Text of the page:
So we had a very small staff, primarily focused on managing the classified materials that we kept in the Astronaut Office related to these missions; the clearances of the people that may have to go beyond just the regular Department of Defense top-secret clearances; helped manage all of that activity. Someone that could go and sit in on all of the meetings related, that are standard types of meetings for any payload that might fly on the Shuttle in the course of mission preparation, but because they were of the classified nature, they would be held in special environments or different places, and having someone that could go and attend all those other than just the crew for a specific mission.

Because even the crews, from one mission to the next, didn’t necessarily know what the other crews were doing and what they were going to fly and do on orbit. If you think about just all of the meetings that go on related to mission planning and payloads, those were all done in a classified environment, so having someone designated from the Astronaut Office to go and do all those was important. So I got to know an awful lot about all of the missions that we called classified DOD missions at that time, starting in late ’88 and going on through my flight in 1990.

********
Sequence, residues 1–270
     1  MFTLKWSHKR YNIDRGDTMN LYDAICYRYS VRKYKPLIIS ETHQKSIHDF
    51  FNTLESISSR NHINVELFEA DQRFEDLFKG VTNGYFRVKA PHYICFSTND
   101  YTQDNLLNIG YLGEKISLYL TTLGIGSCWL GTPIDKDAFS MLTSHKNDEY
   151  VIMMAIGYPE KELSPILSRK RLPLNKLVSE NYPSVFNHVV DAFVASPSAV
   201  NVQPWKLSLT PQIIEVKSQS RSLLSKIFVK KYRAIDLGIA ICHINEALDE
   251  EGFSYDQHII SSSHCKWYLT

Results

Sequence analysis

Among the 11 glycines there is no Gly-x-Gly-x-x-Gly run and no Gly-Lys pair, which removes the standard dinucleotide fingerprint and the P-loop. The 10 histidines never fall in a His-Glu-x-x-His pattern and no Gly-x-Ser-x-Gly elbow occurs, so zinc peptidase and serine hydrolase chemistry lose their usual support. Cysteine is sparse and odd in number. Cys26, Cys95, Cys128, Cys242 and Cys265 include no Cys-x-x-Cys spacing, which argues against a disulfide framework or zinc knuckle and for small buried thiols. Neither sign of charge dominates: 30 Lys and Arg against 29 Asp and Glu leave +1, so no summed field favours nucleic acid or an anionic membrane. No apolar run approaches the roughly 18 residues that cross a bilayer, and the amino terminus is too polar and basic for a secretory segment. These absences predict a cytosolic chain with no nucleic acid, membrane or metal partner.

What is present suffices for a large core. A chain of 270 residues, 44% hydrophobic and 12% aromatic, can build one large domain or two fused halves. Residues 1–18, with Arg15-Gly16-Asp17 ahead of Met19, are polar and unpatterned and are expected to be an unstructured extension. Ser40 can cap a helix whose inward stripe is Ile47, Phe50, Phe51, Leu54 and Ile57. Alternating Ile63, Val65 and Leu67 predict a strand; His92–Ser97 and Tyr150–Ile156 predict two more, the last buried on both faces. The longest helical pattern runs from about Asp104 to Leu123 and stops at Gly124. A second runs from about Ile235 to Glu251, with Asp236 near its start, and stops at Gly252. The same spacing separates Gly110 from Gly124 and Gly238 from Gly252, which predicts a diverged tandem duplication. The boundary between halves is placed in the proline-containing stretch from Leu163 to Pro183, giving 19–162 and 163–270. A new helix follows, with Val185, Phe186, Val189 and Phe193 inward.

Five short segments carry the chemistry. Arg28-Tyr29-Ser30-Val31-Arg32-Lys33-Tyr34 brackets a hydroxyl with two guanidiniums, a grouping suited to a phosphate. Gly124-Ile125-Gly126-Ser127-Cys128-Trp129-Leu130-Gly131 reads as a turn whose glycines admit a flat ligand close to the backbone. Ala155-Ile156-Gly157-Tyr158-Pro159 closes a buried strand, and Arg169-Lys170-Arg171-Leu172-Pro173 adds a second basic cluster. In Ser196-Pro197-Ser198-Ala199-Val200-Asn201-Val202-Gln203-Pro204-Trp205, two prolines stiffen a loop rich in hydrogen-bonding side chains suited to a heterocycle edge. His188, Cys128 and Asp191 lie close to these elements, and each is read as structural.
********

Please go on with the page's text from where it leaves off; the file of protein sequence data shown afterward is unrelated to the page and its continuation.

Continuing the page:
Ross-Nazzal: Did you spend some time at the Pentagon working these issues, or were you primarily based here in Houston?

Covey: Primarily based here. I probably can’t even tell you where else I went.

Ross-Nazzal: Did you work very closely with anyone in particular while you were working on this?

Covey: Within the Astronaut Office?

Ross-Nazzal: Within the Office or within the Air Force.